Craig: Your family is very involved in the business. What family members are on your staff?
Bryan: In 2003, Sean and I begged Mom (Debbie Scott) to move out from AZ and run the financial side of the business. Fortunately she said yes and has been doing it ever sense. My brother and best friend is my partner. My little brother has and continues to do some business development/marketing for us (Christopher Hill). Erynne Hill (Sean’s wife) manages our massage therapy.
Craig: I've always known you to be a strong Christian man. How has your faith helped you through the challenges life offers?
Bryan: Rehab United often uses the buzz phrase Mind, Body, and Spirit. It is essential for us to operate our business, life, relationships, and general awareness on the principles and values that we believe in. Faith is a big part of what drives me. I have experienced many difficult times in my career and life, like many of my clients, and having Faith and a belief that we are doing something that is bigger than us is essential. Making our focus about serving others is at the core of whom I am and who we are as a company.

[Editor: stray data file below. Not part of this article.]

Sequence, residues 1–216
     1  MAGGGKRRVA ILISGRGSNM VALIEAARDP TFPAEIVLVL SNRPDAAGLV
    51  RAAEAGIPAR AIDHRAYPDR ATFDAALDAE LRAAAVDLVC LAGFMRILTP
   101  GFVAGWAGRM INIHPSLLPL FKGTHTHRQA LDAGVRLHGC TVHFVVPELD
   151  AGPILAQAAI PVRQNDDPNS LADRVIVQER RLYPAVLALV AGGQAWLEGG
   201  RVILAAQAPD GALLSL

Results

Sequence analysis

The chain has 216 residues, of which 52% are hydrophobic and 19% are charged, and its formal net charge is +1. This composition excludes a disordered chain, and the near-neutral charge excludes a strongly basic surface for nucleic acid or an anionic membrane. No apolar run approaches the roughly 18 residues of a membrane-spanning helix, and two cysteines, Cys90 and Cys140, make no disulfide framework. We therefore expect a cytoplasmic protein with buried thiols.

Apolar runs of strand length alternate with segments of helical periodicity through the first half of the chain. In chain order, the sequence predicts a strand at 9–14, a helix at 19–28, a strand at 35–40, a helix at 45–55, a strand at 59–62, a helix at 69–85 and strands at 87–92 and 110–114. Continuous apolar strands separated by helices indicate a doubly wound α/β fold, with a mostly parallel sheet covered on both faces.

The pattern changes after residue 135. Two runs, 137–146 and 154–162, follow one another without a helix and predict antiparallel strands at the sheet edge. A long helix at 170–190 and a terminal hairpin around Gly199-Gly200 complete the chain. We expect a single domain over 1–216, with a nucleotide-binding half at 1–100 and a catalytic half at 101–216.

Craig: What is your favorite benefit of your TCSD membership?
Bryan: My favorite benefit of being a TCSD member is being able to participate in all of the great events that are provided. My personal favorites are the cove swims and the aquathlons. I just feel grateful that I live in the mecca of the triathlon world where our Tri Club’s smallest event could be another club’s best.
Craig: What are your goals for 2011 and beyond?
Brian: My goals for 2011 are to “Crush Dreams” at my two 70.3 races (New Orleans and Portland), to find and maintain a balance with work, training, my kids (2 dogs), and my wife. It is most important for me to be there for the ones I love, everything else has to be second fiddle. Rehab United has a ton of goals for 2011, but I am really excited to see our coaching (CEC) take off. We have 4 great coaches and have a ton of great athletes. We have “Team Excel” which is a group of athletes that train and have the same passions as the Rehab United mission.
Craig: Bryan, thank you for sharing your story. You and the team at Rehab United are definitely helping not just the TCSD, but the entire San Diego community lead more healthy lives.